While the door opened for women to serve in the Armed Forces in 1948, it opened only slightly. In 1949 legislation prohibited women with dependent children from military service, promotions were capped, women were barred from combat roles, and they were forbidden to command or have authority over even the lowest ranking man.

During the Korean War (1950-1953) nearly 125,000 women served in the military including members of the Nurse Corps, WAC and WAVEs. Seventeen died while on active duty, most in accidents or air crashes. During the Vietnam War 7,000 women in uniform served in-country. Eight died in service including one by hostile fire. Along the way they earned Distinguished Service Medals, Legion of Merits, Air Medals, Bronze Stars and Purple Hearts. As non-combatants however, none since World War I received the Medal of Honor, Navy Cross, or Silver Star.*** Furthermore, as is evident from the words of one male commander, "women are not awarded the Soldier's Medal."

Slowly, in the midst of the Vietnam War, things began to change. In 1967 the Women's Armed Services Integration Act was modified by Public Law 90-130, eliminating the 2% ceiling on the number of women who could serve in the military. At the same time the cap on promotions above paygrade O-3 were removed and women were granted eligibility to hold Flag/General Officer rank. In 1967 the U.S. Air Force opened its ROTC program to women, to by followed by Army ROTC opportunities in 1971. Also in 1971 the Air Force established a policy to allow pregnant women to request a waiver of the automatic discharge rule, which opened the door for women with dependent children to enlist.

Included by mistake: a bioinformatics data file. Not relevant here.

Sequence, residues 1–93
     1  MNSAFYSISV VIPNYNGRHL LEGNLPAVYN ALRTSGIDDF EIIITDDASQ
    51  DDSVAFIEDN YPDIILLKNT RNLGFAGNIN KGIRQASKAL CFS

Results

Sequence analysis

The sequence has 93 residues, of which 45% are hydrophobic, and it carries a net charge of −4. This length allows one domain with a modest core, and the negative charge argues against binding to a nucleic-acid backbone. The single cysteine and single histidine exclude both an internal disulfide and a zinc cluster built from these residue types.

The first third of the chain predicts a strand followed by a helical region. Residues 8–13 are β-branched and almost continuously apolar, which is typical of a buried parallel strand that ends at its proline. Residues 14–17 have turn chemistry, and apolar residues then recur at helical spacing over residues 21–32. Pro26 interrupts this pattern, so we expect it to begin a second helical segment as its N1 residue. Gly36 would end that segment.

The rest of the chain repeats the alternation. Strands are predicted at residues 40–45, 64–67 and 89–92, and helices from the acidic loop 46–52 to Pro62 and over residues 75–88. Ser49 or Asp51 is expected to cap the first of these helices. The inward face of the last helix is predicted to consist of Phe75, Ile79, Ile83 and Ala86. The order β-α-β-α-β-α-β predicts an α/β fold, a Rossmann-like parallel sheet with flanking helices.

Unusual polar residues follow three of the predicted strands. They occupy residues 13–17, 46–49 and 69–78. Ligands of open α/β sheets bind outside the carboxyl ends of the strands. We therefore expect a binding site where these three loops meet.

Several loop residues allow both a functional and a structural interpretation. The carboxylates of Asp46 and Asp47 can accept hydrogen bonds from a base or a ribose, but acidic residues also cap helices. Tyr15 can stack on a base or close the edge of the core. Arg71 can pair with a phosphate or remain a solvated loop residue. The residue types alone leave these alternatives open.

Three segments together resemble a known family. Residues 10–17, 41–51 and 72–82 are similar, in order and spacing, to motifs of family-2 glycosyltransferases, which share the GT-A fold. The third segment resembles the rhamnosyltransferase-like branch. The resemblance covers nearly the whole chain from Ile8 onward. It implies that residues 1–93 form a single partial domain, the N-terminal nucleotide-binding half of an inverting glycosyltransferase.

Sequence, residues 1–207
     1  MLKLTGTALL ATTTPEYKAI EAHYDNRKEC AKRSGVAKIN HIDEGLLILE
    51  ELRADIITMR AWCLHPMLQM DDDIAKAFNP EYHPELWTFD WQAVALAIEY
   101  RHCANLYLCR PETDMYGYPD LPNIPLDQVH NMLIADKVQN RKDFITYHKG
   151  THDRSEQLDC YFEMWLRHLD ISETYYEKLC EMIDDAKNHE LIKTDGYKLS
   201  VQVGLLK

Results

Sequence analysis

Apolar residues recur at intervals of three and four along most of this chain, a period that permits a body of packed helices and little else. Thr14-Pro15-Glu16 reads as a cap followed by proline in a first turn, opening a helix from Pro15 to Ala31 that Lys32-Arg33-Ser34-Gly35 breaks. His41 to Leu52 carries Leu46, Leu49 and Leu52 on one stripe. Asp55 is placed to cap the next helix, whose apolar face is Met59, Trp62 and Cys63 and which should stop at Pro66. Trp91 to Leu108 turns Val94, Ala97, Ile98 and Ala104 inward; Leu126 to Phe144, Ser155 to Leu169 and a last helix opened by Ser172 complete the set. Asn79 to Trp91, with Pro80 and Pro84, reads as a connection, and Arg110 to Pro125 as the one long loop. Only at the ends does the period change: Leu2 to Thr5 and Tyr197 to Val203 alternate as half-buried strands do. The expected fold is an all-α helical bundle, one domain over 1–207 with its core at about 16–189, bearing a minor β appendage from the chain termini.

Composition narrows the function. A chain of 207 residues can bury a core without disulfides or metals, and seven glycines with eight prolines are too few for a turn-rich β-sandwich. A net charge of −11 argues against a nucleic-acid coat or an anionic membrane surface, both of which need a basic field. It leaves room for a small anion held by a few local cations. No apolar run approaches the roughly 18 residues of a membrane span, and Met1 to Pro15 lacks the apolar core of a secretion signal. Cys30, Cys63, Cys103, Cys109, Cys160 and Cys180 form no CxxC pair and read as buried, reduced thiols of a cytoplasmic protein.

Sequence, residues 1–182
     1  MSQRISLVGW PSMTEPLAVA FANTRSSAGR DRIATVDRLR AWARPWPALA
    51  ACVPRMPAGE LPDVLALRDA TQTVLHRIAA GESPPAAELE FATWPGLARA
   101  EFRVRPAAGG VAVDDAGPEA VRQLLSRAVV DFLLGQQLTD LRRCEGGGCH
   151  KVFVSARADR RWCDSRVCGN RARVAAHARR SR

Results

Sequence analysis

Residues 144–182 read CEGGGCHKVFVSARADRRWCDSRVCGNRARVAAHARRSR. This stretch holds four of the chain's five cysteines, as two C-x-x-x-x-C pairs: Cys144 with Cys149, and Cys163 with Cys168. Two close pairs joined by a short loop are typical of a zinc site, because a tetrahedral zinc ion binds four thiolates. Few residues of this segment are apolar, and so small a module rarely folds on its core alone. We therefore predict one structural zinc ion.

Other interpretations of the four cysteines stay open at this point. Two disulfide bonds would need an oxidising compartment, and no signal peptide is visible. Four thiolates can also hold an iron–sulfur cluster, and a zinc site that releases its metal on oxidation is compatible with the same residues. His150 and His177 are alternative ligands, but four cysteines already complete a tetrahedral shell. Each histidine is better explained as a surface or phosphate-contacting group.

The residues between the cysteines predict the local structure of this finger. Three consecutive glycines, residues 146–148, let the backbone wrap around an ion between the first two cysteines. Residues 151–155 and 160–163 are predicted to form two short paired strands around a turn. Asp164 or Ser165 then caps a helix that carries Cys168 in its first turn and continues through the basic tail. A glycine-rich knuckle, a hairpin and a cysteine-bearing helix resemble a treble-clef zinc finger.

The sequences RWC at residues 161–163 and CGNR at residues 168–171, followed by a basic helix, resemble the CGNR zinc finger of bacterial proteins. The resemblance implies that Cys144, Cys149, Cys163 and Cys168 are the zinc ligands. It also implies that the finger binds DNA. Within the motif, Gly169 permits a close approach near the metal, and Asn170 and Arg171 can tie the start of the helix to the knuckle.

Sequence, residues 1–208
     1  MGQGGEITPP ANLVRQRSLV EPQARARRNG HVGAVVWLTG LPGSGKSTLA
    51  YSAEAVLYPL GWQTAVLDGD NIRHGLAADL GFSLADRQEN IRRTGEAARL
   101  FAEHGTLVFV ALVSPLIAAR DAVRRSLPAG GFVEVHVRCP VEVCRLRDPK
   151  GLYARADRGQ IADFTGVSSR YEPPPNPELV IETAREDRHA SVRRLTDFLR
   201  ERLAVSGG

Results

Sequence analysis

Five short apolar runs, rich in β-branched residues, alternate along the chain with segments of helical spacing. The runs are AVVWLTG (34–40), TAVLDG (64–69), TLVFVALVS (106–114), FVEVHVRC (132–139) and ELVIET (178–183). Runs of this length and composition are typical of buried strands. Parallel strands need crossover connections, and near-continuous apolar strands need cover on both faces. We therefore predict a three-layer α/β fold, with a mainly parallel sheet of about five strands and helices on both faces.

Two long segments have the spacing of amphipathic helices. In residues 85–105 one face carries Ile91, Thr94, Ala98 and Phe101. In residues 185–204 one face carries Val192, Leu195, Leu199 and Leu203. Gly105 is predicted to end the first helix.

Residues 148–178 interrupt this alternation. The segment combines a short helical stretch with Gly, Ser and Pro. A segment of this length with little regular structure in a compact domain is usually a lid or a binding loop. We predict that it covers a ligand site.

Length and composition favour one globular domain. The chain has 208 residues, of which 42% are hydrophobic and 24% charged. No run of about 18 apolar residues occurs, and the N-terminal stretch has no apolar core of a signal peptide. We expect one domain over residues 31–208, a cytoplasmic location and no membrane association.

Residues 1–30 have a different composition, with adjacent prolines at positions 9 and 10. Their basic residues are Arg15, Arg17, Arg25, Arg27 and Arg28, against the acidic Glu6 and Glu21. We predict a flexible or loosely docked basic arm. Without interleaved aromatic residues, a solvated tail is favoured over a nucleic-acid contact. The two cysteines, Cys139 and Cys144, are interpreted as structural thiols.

In 1972 Admiral Elmo Zumwalt, Chief of Naval Operations, expanded Navy ROTC opportunity to women, suspended restrictions on a woman's right to succeed to command in the United States, authorized Naval Officers to be selected for the War College, and expanded the occupational fields available for service, including the opportunity for women to serve at sea aboard the U.S.S. Sanctuary. In 1973 the Navy allowed women to serve on aviation duty in non-combat aircraft, a policy shift that was adopted by the Army the following year and by the U.S. Air Force in 1977.

In 1973 the U.S. Coast Guard began enlisting women for regular active duty and two years later invited them to enroll in the Coast Guard Academy. Under Public Law 94-106, in 1976 the remaining service academies (Army, Navy and Air Force) were opened to women. By 1980 Enlisted Women became eligible for many at-sea, shipboard assignments. In a span of only 13 years from 1967 to 1980, the available roles for women in military service moved forward in a major way.

Among the heady advances for military women during that period was an historic action on June 11, 1970. On that date a star was pinned to the uniform of Colonel Anna Mae Hays, Chief of the Army Nurse Corps, as she became the first woman general officer in any branch of service in history. Moments later Elizabeth P. Hoisington, Director of the Women's Army Corps, was also promoted to the rank of Brigadier General. Within a year the Director of Air Force Women, Jeanne M. Holm, became the Air Force's first woman general officer. In 1972 Alene B. Duerk, Chief of the Navy Nurse Corps, received a spot promotion to Rear Admiral (Lower Half). In 1978 Margaret Brewer became the Marine Corps' first woman general.

Some of these women who ascended to leadership were members of The Greatest Generation, having served in World War II, Korea and Vietnam. But among the ranks of women in uniform was a new generation of leaders, women of the Defining Generation, and they too would make history.